In the realm of architectural marvels, the Aedas Biopharma Complex stands out as a testament to the union of cutting-edge design and industry-specific functionality. Crafted by the renowned architectural firm Aedas, this structure mirrors the evolving demands of the biopharmaceutical sector. This article dives deep into the architectural nuances of this iconic complex and explores its significance in the contemporary design landscape.
Art movement, technology
Futurism came into being in the 1900s, all thanks to the Italian artist and poet – Flippo Tommaso Marinetti. Initially, it started as an art movement to oppose what was prevalent at that time and to break away from contemporary practices. Firstly, it can be seen in literature, sculptures, and paintings. Later, in big cities, architecture also adopted the theme. The word comes from the Latin word ‘futura’ or ‘futur’, which attempts to convey the ideas of past, present, and future. The aim of futurism is to make a rational and creative future in the name of humanity. One of the most significant features of futurist architecture is the movement and flow. Unlike prior forms of architecture, pointed edges, acute angles, curves, and asymmetry form the identity of the discipline. The structures of the buildings are generally inspired by nature.
The Vision Behind the Design
In creating the Biopharma Complex, Aedas aimed to merge the principles of modern architecture with the specific requirements of biopharmaceutical research and production. The design isn’t just aesthetic; it resonates with the mission and ethos of the biopharma industry, showcasing innovation, precision, and progressiveness.
Since the form of the buildings is not at 90 degrees and is completely unpredictable, architects and designers win with the help of technology. The role of technology spans from designing structures to creating new construction materials. It is because of technology that gravity can be overcome and skyscrapers could be built. The introduction of space exploration programs and aerodynamic studies also has an impact on futuristic buildings. The architecture is a blend of aesthetics and technology. Since it is modern and dynamic, a lot of use of metal and glass can be seen. Some famous examples of Futurist architecture are the Guggenheim Museum (Bilbao, Spain); Cybertecture Egg (Mumbai, India); Kunsthaus Graz (Graz, Austria); Futurescope (Poitiers, France); Galaxy Soho (Beijing, China), etc.
Some other features of futurist architecture are monochromatic colour themes and long dynamic lines.
In 1934, a manifesto on aerial architecture was published by Marinetti, Angiolo Mazzoni, and Mino Somenzi. This manifesto featured a factory placed in Lingotto, Turin. The building had the test track on the roof which was a new concept; breaking away from all rules, the factory was recognized as the first futurist architectural invention. In the 1980s, architecture started comprising computers which paved the way for computer programming and simulating design models. As a result, parametric architecture was born.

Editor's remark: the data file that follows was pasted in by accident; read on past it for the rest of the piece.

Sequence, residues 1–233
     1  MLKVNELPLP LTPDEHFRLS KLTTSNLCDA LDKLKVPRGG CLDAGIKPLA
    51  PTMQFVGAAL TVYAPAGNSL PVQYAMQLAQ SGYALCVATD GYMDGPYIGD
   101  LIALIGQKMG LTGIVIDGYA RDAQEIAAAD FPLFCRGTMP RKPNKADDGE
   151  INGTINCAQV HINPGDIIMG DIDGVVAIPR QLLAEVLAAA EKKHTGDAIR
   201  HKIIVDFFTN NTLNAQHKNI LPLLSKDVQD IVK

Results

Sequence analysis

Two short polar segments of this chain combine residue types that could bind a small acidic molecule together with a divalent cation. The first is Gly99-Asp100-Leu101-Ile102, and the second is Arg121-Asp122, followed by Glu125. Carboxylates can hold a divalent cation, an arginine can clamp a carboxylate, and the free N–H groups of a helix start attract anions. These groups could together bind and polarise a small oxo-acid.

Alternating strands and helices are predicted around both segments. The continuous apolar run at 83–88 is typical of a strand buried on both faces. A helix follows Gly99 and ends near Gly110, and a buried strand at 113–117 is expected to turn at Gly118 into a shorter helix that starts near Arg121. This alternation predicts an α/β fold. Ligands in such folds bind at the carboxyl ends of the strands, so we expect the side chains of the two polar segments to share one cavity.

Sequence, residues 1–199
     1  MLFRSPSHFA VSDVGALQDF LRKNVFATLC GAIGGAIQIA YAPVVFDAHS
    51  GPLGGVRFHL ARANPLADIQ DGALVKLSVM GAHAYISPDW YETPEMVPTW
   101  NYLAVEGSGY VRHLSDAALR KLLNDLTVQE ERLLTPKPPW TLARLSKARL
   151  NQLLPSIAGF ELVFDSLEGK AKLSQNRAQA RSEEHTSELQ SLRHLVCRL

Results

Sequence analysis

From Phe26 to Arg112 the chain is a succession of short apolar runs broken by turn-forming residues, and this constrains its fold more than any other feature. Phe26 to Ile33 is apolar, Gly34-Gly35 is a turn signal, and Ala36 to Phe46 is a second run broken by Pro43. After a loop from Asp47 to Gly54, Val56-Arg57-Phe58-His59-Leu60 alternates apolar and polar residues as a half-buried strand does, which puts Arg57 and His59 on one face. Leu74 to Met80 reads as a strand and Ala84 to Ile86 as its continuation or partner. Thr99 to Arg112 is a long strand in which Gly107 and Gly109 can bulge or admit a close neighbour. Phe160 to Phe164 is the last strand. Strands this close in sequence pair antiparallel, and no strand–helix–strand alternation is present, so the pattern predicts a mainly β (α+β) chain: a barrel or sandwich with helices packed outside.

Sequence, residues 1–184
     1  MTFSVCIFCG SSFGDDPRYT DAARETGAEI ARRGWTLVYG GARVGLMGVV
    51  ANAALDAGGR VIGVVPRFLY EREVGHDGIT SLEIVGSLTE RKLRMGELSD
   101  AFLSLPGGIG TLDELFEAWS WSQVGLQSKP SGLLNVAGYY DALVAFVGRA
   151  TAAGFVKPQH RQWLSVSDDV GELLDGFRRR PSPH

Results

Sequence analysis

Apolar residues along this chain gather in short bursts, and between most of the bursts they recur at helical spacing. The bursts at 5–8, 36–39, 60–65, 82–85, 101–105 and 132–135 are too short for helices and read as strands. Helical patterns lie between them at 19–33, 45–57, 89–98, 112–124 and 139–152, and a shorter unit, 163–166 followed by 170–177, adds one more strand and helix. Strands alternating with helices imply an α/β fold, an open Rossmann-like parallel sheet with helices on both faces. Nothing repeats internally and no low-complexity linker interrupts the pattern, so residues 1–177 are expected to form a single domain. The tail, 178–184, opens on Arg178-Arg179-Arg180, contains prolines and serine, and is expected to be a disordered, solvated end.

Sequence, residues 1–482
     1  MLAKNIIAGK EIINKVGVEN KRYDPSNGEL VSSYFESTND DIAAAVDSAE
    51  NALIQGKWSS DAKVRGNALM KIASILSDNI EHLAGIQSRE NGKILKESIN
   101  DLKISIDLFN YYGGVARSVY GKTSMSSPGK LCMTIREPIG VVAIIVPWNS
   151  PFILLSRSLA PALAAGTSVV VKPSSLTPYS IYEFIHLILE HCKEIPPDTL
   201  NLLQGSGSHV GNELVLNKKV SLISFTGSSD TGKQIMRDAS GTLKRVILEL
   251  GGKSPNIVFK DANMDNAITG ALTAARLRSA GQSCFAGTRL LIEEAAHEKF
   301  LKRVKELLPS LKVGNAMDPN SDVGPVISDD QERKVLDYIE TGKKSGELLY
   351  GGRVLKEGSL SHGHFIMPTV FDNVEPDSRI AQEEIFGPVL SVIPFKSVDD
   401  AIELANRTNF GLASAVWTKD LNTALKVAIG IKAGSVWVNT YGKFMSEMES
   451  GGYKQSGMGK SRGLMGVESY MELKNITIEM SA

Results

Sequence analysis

Aedas Biopharma Complex, Beijing
Name: SINOVAC High-Tech Achievements Transformation Project
Location: Beijing, China
Type: Office Commercial
Status: Under construction
Gross floor area: 120,000 sq. m.
Client: Beijing Zhongwei Yidao Biotechnology Co., Ltd
Global design principals: Ken Wai, Dr. Andy Wen, and Zihuan Lin
Sinovac biotech limited is a Beijing-based pharmaceutical company. Research, development, manufacture, and commercialisation of vaccines to protect humans from infectious diseases are the disciplines that the company deals with. For its headquarters to be in Changping Life Science Park Beijing, the company turned to Aedas, an international multidisciplinary architecture firm established in 2002. The construction for the headquarters started on September 28, 2022, and is continuing, making it one of the three most developed and evolved biotech zones in the city. The park is well-connected to the metro and the expressway.
Tree of life
As the company is based on making life-saving vaccines, the concept has been taken from the ‘Tree of Life.’
In total, there are seven towers. Two towers are on the South, representing the roots; one is on the North representing the crown of the tree. The remaining four towers are coming out of the stem-like corporate gallery, two each in the East and the West. The interconnected towers reflect one more concept – ‘to deliver health solutions by innovating pharmaceuticals through interconnected specialities.’ (architizer, 2022)
Towers, Sunken Plaza
‘Adopting a simple design approach, [it] reveals a neat architectural form to create a futuristic aesthetic and grand corporate image,’ notes Aedas Global Design Principal Dr Andy Wen. (Designboom, 2022) The interiors are simple, without any corners or edges, merging into one another. The spaces consist of the Research and development cells in the South. The manufacturing unit is in the North. The straight long corridor has the corporate gallery and some public spaces. Elevated corridors find their place between the stem and side towers to facilitate the circulation and flow of logistics. In the North, there is a sunken plaza that is accessed via an entry from the South. This sunken plaza has some green natural elements that promote health while working and provide an aesthetic breathable space. This very plaza also houses the provision for eateries.
The Sinovac Biopharma complex has a seamless design. It has a single-color theme; bold, linear element in the center; and dynamic and curved form. It also has an impression that the structure above is heavy, supported by a lighter structure below, giving a sense of defying gravity. The use of glass and other modern materials can easily be seen. The roof also has an unconventional design with holes on the top. All these features make the design truly futuristic.